An iPhone running iOS 17 can be used to recover a bricked Apple TV

Posted:
in iPod + iTunes + AppleTV

Years after it took the USB port away, Apple has given users the ability to restore a malfunctioning Apple TV with an iPhone running iOS 17.

Image Credit: Apple
Image Credit: Apple



On Monday, Apple rolled out iOS 17, and with it has come a significant number of changes. One such change is the ability to restore an Apple TV simply by bringing your iPhone close to it and following the steps provided.

Previously, an Apple TV was restorable by users with the USB port, but that's been gone for a long time. More recently, if an Apple TV had system issues, you'd either need to visit an Apple Store or send it in for repairs.

The one caveat is that it needs to be an Apple TV HD already running tvOS 17. Additionally, your iPhone will need to be running iOS 17 or later.

If a TV can be restored, an image of an iPhone next to an Apple TV will appear on the TV Screen. Then, a user can simply hold their iPhone close to the Apple TV, which should trigger the repair feature.

Apple notes that after following the steps, users can use their iPhone as they would normally but will need to leave their Apple TV connected to power while the recovery completes.

Read on AppleInsider

Comments

  • Reply 1 of 4
    dewmedewme Posts: 5,479member
    Nice. I hope Apple brings this capability to more devices. You can still factory reset a HomePod or HomePod mini by plugging it into the USB port on a Mac.

    By the way, I'm always a little dubious of the word "bricked" because there was a time when bricked literally meant really bricked as in non-recoverable and time to break out the desoldering and soldering tools. This was typically when the built-in mechanism used to perform or facilitate a factory reset on a device was destroyed or disabled to the point where device-based and even external helper device based recovery was impossible.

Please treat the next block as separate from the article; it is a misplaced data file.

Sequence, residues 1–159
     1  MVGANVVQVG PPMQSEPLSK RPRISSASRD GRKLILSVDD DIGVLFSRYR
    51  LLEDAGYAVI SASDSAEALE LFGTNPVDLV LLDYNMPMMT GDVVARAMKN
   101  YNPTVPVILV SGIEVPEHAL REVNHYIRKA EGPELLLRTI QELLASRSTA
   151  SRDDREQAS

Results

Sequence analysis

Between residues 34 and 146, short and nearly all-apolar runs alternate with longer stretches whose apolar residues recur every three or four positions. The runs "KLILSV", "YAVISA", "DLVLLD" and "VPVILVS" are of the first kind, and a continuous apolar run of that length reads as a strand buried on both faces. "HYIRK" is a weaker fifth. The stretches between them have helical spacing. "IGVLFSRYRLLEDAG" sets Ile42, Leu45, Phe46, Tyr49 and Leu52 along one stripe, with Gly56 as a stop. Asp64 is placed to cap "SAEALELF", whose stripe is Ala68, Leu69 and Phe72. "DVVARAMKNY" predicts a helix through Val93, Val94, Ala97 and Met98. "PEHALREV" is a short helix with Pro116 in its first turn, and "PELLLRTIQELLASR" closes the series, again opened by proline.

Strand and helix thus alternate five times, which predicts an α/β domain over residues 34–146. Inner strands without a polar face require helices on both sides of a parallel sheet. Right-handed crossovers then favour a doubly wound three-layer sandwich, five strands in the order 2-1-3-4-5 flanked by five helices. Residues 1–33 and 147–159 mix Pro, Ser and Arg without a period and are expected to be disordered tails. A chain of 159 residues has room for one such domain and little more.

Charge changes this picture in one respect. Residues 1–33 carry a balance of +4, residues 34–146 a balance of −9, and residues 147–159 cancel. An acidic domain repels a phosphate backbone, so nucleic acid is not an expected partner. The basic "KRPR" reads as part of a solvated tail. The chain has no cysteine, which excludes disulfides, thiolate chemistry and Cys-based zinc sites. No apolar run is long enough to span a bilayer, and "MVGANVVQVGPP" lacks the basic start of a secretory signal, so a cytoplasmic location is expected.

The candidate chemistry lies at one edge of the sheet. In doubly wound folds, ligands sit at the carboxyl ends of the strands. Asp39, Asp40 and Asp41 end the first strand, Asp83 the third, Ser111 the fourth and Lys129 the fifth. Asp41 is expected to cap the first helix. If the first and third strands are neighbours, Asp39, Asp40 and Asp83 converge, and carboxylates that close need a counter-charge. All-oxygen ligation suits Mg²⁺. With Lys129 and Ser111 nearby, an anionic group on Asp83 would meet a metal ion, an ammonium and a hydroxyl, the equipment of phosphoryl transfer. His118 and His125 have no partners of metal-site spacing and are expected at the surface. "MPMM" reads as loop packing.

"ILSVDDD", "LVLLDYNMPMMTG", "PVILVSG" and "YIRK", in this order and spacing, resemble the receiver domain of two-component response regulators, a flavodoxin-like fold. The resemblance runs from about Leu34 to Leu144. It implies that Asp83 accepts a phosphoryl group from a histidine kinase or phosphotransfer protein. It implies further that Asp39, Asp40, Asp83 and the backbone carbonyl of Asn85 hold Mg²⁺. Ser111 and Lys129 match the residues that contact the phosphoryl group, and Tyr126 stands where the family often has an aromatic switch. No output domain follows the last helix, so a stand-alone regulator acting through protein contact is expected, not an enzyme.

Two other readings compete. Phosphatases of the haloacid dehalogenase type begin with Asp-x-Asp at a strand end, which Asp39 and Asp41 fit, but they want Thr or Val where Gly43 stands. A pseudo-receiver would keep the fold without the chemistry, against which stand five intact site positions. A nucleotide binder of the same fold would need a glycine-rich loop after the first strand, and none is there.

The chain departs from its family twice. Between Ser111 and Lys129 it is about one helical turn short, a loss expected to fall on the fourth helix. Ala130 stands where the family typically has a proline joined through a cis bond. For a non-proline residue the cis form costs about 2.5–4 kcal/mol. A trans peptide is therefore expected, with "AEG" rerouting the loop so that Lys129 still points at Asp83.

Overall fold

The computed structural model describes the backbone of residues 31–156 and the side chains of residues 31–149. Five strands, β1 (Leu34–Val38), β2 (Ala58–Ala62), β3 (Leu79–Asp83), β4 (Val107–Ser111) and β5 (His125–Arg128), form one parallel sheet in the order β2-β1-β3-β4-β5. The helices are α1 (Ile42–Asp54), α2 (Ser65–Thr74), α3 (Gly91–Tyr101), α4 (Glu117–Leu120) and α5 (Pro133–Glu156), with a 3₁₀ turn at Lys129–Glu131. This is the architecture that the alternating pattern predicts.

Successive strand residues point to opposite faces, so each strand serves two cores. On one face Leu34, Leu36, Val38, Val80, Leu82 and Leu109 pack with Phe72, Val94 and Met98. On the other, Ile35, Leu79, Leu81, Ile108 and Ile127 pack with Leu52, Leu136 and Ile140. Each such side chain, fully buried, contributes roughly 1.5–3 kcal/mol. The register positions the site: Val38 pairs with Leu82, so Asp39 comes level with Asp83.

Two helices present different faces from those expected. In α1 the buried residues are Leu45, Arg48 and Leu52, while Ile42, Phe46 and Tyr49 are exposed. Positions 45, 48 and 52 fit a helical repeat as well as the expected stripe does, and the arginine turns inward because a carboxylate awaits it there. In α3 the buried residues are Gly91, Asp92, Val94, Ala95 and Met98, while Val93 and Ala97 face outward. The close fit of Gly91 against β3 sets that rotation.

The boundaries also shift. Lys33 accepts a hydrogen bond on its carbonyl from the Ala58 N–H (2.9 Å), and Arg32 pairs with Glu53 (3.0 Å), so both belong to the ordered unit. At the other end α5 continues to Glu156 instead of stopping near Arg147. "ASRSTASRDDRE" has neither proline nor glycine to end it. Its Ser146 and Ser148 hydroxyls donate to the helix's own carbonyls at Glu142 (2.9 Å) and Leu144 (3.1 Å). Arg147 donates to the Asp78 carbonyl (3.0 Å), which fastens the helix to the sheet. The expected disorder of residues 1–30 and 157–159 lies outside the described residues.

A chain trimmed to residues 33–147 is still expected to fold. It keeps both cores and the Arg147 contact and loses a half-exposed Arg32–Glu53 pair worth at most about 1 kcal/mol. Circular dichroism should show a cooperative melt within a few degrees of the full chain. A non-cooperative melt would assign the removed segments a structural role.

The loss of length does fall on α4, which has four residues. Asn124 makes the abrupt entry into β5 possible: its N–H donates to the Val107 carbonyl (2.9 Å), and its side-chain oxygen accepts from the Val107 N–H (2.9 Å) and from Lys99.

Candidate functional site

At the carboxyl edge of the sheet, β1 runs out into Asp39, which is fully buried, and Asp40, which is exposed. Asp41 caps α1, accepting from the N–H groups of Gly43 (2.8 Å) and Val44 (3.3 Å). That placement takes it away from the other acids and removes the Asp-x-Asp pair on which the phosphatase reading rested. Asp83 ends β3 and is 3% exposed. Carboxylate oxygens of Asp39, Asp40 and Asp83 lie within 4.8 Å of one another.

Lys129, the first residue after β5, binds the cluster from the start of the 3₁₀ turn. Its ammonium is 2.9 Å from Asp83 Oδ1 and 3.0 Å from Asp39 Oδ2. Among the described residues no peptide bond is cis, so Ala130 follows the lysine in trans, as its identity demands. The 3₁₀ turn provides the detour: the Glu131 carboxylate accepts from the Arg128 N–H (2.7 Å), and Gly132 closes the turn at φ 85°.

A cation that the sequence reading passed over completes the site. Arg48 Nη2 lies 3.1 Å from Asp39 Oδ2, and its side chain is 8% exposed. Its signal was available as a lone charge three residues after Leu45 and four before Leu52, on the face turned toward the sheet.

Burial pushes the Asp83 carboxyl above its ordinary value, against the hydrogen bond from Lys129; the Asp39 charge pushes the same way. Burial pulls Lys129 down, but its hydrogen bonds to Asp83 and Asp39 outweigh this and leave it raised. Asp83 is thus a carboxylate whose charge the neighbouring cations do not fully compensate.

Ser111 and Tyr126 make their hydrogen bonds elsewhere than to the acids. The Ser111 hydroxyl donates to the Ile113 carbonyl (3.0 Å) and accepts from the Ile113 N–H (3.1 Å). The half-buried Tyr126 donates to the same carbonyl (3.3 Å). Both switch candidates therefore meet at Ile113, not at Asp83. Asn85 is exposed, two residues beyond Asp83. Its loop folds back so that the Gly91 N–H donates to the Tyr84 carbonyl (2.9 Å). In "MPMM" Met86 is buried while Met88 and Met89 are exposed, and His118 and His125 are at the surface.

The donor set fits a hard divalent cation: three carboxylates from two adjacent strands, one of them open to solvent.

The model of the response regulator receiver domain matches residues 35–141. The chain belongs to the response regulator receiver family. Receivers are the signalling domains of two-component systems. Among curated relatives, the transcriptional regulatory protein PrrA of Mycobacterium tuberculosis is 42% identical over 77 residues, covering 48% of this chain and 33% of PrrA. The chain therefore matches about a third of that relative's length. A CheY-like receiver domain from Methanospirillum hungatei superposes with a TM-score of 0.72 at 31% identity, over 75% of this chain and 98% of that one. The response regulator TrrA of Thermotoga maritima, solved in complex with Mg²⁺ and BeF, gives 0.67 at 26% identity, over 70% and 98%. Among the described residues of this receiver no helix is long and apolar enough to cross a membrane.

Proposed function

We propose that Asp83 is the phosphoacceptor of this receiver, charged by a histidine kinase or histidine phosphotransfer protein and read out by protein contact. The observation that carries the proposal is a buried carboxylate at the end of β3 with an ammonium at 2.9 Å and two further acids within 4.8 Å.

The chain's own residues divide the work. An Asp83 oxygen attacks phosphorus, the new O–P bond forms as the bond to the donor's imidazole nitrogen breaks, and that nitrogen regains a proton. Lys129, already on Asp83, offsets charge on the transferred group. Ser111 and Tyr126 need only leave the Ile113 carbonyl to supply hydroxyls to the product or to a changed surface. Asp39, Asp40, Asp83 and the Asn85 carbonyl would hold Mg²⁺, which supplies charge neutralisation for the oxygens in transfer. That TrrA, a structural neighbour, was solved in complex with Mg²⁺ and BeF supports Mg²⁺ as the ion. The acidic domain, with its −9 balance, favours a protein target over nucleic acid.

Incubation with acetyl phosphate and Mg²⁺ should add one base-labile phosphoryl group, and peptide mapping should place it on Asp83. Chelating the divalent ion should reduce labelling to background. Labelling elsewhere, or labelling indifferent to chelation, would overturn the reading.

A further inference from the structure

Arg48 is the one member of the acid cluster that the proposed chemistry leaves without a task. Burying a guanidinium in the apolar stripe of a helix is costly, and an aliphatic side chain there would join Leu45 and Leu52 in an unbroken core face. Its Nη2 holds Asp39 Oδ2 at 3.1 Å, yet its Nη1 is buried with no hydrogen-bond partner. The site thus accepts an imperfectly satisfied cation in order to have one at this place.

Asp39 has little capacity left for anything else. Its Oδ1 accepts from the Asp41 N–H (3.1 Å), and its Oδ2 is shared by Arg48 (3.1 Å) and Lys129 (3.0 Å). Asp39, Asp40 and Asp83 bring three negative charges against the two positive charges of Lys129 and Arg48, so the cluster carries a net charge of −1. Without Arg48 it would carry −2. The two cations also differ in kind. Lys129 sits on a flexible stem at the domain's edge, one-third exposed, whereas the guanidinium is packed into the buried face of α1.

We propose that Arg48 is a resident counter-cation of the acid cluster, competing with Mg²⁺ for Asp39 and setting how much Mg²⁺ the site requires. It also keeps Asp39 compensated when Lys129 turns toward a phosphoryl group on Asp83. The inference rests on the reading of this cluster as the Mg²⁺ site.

Now the term "bricked" is thrown around willy-nilly like someone's coffee got too cold to drink so they had to resort to the unthinkable task of putting it in the microwave for 30 seconds to give it a warm-up. Oh, the humanity! My coffee is bricked.
    FileMakerFellerAlex1Nmuthuk_vanalingambyronlappleinsideruserwatto_cobra
  • Reply 2 of 4
    dewme said:
    You can still factory reset a HomePod or HomePod mini by plugging it into the USB port on a Mac
    Really?  I have a dozen of the OG HomePods and two of the 2nd gen - where do you plug in the USB cable (they do not have a USB port????
    Alex1Nbyronlwatto_cobra
  • Reply 3 of 4
    dewmedewme Posts: 5,479member
    nicholfd said:
    dewme said:
    You can still factory reset a HomePod or HomePod mini by plugging it into the USB port on a Mac
    Really?  I have a dozen of the OG HomePods and two of the 2nd gen - where do you plug in the USB cable (they do not have a USB port????
    You are absolutely correct. My apology, this only applies to HomePod mini. The jumbo has no ports and can only be factory reset using the top controls. 

    I should know this because I have a 1st gen HomePod that is truly bricked. From what I’ve read some of the 1st gen have a component, I think an inexpensive diode, that shorts out and renders the device totally inoperative. It’s way down at the base of the device and requires peeling back many layers of the assembly onion to gain access. I’m keeping it around in case I get bored and want to play with puzzles. 
    edited September 2023 byronlwatto_cobra
  • Reply 4 of 4
    dewme said:
    nicholfd said:
    dewme said:
    You can still factory reset a HomePod or HomePod mini by plugging it into the USB port on a Mac
    Really?  I have a dozen of the OG HomePods and two of the 2nd gen - where do you plug in the USB cable (they do not have a USB port????
    You are absolutely correct. My apology, this only applies to HomePod mini. The jumbo has no ports and can only be factory reset using the top controls. 

    I should know this because I have a 1st gen HomePod that is truly bricked. From what I’ve read some of the 1st gen have a component, I think an inexpensive diode, that shorts out and renders the device totally inoperative. It’s way down at the base of the device and requires peeling back many layers of the assembly onion to gain access. I’m keeping it around in case I get bored and want to play with puzzles. 
    RE: the dead diode, check out Nic's Fix, both website and youtube channel (where he live streams his repairs). He is able to disassemble the HomePod, replace the diode, and reassemble with no damage to the HP. He is able make other repairs and fixed two of my HPs -- the dead diode/no power issue and the "death farts"/DC offset issue. Reasonable prices, too.

    RE: HomePod ports. There is a port in the bottom of the HP--Nic has info on this port and tried to reset bricked HP via this port connected to a Mac, but hasn't had any luck, yet.
    muthuk_vanalingamrarewatto_cobra
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